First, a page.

• Send a thank you note, even if it is really late.
  • Stop working after 6-8 hours.  Then do something fun. The only way to have a balanced life is to have a balanced day today. 

Tuesday, February 8, 2011

Retirement Age

Looking at society through the lens of the commons often yields views that are the polar opposite of what we are reading. The following editorial by James K. Galbraith is a case in point. What should be done for the common good is to lower the retirement age and to structure our society around the reality that we all have to rethink work altogether.

ACTUALLY, THE RETIREMENT AGE IS TOO HIGH
by James K. Galbraith

Thursday, February 3, 2011

The Tune of a Hickory Stick

I started school in 1959 and so most of my formative school years where in the 1960s and early 1970s.  Like most of my classmates, we heard stories from our parents about their school years and the ones about punishment were usually cruel or humiliating.  For example, being forced to stand in a corner with a “dunce cap” on was common in my mother’s school.  My father recalled students being slapped in the face or spanked.  A little ditty composed around 1907 remained popular even through the 1950’s:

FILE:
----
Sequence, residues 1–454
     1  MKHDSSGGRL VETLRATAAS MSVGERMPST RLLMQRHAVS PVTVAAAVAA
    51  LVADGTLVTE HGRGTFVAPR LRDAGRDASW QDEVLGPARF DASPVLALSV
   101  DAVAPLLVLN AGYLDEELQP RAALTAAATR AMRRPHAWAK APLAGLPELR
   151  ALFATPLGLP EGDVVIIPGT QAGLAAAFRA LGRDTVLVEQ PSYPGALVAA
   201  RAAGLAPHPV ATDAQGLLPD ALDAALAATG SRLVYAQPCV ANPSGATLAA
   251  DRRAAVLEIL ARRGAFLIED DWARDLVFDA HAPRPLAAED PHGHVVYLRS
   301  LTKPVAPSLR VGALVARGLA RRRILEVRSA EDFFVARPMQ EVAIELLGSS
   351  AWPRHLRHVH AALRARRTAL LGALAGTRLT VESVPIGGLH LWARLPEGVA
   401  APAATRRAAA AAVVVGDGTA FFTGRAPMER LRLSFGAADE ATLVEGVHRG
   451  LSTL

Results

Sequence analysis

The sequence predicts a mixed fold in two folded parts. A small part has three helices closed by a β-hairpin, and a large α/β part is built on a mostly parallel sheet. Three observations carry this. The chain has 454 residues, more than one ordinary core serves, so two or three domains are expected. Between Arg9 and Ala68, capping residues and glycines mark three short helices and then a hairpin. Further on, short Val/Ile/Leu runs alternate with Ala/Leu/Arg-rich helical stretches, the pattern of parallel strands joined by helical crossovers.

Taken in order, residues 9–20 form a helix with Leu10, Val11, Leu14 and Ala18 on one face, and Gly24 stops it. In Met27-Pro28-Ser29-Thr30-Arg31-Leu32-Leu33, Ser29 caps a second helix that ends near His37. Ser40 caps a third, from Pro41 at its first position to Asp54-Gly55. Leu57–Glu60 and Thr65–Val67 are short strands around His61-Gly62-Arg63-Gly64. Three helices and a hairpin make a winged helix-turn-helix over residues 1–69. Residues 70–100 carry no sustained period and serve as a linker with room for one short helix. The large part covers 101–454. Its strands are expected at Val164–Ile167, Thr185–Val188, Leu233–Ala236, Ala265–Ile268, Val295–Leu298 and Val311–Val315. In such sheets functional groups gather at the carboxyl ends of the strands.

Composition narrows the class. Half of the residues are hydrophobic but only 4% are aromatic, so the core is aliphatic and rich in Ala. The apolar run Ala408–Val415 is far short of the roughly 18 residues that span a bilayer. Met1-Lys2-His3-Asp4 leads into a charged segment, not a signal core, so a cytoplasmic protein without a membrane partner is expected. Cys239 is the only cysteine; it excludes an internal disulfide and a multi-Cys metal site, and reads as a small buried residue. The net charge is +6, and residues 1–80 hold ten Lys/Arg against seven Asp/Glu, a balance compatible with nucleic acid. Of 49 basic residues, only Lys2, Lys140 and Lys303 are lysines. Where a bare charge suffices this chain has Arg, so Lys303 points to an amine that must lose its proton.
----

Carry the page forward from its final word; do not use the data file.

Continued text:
School days, school days.
Dear old golden rule days.
Reading and writing and 'rithmetic.
Taught to the tune of a hickory stick.
The Golden Rule in the song was apparently a ruler and not a formula for promoting the common good. 
I certainly felt grateful that corporal punishment was forbidden in my public school.  Punishments for those of us who committed infractions were usually going to the principal’s office and the dreaded, “We have called your mother.”  Actions requiring punishment (or “discipline” which sounded less punitive) included smoking, skipping class, cheating on school work, and playing tricks on other kids.  The latter was my downfall.  I never smoked and I didn’t cut class because I actually liked learning.  I never cheated although I often allowed other students to cheat off of my spelling tests in return for some of their lunch.  Tricks I played on others included: